Statewide Interstate Tolling

INDOT’s Statewide Interstate Tolling Strategic Plan

In House Enrolled Act 1002-2017 the Indiana General Assembly directed the Indiana Department of Transportation to investigate tolling as a possible way to fund future state highway improvements. While the same legislation included increases in various highway user fees, such as the state gas and diesel taxes, state leaders acknowledged that these revenues will eventually decrease due to cars and trucks becoming much more fuel efficient. Projections show that by about 2025, state revenues for road improvement will begin a rapid decline. Consequently, INDOT’s Tolling Strategic Plan is quite useful to determine if tolling might be an appropriate replacement for, or supplement to, fuel-based user fees going forward.

Key findings in the Plan include:

  • It is possible to fund major interstate improvements through tolling

  • Implementing statewide interstate tolling would be complicated

  • It would take years to collect the first toll and decades to complete a comprehensive statewide program

  • Open road tolling (versus toll booths where drivers must stop or slow down) is available with current technology

  • Assumed toll rates per mile for vehicles using transponders would be: 2-axles $.05, 3-4 axles $0.7, and 5 or more axles $.20 – it is also assumed that these rates would increase annually by inflation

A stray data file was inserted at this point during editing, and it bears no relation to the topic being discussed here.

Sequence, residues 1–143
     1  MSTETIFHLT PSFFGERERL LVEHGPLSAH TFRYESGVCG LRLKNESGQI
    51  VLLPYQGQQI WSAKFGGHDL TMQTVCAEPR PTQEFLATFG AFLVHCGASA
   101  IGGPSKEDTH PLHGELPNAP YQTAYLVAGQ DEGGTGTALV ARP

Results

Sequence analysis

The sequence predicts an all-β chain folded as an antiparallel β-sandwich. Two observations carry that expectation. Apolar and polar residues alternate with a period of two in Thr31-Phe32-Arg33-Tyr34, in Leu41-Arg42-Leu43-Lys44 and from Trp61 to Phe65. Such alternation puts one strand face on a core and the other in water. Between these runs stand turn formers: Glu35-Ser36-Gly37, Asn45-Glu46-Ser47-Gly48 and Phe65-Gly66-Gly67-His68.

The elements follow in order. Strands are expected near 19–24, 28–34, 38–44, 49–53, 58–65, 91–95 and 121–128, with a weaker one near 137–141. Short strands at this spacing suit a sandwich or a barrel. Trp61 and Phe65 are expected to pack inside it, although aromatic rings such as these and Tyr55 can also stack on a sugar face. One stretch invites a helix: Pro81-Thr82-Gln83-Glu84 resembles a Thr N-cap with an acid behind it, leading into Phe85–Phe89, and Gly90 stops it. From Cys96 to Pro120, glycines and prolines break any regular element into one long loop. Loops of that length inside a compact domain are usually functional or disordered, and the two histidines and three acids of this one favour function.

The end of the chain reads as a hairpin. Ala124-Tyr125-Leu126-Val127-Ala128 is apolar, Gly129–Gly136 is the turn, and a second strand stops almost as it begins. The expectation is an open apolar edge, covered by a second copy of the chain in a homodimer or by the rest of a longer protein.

• Before the state would implement tolling, it would vastly improve the condition and capacity of the interstates: travel lanes would be added, ride quality would be improved, mowing and litter pick-up frequency would increase, snow and ice removal would be the highest priority

  • Tolling interstates I-65, I-70 and I-94 (after widening them to six-lanes from border to border and outside of I-465) at rates comparable to other state’s toll rates would generate significant revenues such that the system would be self-sufficient – this means that the state could issue debt to finance upfront construction costs and the tolls would be more than adequate to pay back this debt and also cover costs of operating the toll system

  • Tolling could generate excess funds that could be used for other highway improvements throughout the state

While the current State Administration has decided not to pursue tolling, INDOT’s strategic plan finds that tolling is a viable future funding mechanism. With vehicle fuel efficiency on the rise, tax revenues based on fuel consumption will decline by 2025. Tolling interstates could offset this, but it is not something that can be implemented overnight. For that reason, BIC believes our state leaders should move beyond this strategic plan and begin taking the necessary steps to implement tolling while there is time to do so.

Complete text of the INDOT Statewide Interstate Tolling Strategic Plan